A snapshot of the COP26 #ExpeditionFinance journey
Highlights en route included visiting an urban regeneration site in Newcastle, interviewing the former President of the Maldives, catching up with Deutsche Bank CEO Christian Sewing, and visiting Grant Rudgley at the Cambridge Institute of for Sustainability Leadership (CISL) to hear more about why nature loss is a financial risk.
As an icebreaker, each video log guest was invited to take a gift from a green and yellow box, to reflect on it, and to write their wishes for tomorrow’s world on the three-dimensional letter blocks of COP26 at the end of the interview.
Supporting climate-vulnerable countries
One of the Maldives islands in the Indian Ocean at one metre above sea level
His Excellency Mohamed Nasheed, former President of the Maldives began by pulling out multi-sided dice with ratios written on each of its faces. His thoughts? There are different ratios of survival, he reflected. “The winds are higher, the waves are more, the summers of longer and we have rampant coastal erosion,” he said. “Our coral reefs are bleaching, we are losing our biodiversity, and rising sea water is contaminating our aquifers,” he added.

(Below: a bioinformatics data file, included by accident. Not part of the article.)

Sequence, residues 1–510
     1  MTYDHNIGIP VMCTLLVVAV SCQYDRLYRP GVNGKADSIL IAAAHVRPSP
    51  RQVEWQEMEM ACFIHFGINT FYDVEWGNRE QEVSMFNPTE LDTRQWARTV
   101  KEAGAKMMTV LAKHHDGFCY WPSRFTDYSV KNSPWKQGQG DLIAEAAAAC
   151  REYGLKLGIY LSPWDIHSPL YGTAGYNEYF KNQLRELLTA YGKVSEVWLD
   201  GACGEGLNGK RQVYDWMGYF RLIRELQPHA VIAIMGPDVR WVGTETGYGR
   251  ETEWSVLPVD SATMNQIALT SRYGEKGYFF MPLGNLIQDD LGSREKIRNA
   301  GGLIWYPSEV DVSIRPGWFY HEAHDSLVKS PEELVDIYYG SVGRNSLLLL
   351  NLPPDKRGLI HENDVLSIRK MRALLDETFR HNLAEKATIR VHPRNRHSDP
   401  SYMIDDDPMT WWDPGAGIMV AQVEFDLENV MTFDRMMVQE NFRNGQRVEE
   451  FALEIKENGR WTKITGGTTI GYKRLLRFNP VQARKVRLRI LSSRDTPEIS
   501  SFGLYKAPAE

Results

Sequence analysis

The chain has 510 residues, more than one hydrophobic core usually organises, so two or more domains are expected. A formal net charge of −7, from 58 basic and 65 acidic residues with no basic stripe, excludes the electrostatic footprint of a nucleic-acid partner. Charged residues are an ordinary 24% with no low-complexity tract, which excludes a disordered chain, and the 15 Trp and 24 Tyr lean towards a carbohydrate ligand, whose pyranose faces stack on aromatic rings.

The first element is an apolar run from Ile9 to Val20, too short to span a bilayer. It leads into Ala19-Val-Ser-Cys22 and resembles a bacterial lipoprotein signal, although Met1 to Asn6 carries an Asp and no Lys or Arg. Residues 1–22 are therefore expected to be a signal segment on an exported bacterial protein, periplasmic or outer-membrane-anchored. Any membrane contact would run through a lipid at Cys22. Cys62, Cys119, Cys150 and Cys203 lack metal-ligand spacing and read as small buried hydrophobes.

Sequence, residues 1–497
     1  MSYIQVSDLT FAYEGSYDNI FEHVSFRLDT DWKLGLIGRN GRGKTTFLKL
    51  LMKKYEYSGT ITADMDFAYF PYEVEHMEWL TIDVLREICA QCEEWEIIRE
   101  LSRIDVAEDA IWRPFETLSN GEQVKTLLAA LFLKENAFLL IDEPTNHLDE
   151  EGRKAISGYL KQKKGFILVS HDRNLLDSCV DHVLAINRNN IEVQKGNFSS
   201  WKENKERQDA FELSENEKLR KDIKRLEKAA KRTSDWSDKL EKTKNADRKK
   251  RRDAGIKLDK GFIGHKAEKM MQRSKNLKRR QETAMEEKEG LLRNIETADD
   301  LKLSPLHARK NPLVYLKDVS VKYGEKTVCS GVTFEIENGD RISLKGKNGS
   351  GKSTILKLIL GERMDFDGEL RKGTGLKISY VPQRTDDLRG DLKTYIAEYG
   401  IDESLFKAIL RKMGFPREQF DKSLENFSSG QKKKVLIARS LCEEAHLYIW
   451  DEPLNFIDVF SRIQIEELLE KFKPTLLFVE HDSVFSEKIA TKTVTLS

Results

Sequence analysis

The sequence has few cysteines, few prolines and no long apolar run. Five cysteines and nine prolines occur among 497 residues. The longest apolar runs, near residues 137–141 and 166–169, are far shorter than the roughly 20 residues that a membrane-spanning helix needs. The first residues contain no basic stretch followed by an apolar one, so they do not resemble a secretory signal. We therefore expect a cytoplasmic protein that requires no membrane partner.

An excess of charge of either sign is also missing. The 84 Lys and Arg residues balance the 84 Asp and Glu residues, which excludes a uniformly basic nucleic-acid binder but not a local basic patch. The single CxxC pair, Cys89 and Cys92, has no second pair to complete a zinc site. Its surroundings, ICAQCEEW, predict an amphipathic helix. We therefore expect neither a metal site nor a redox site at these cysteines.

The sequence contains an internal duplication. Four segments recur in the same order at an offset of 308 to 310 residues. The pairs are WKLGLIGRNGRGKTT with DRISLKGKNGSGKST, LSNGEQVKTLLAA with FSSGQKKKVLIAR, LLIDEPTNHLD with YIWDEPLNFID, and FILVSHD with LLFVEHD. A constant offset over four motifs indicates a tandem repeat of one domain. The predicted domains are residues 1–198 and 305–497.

He called for countries to help each other. “It’s not just about saving the Maldives, it’s not just about one country” he said. His Excellency was, however, encouraged that climate change had grown from being just a moral and environmental issue to become a finance and economic one. “This is when things start changing,” he suggested.
More than 80% of the Maldives’ 1,000 island-strong archipelago lies at less than one metre above sea level. A rise of more than a metre means3 the country will have disappeared. His wish inscribed on the green number six? “A climate agreement in six years,” he concluded, but pointed out the window for getting this done is currently seven years.
Being part of the COP26 goal achievement solution
Taking the theme of financial engagement further, Schmitt decided that Glasgow was a good opportunity to hear from fellow attendee Deutsche Bank CEO Christian Sewing what it means for financial institutions.
Meeting just outside the convention centre and within sight of the trusty EV that got him to Scotland, Schmitt asked Sewing what the financial industry’s main duty is to achieve the COP26 goals “properly” while inviting him to take a gift from the box. Drawing a toy racing car, the CEO advocated that motor racing should go all-electric.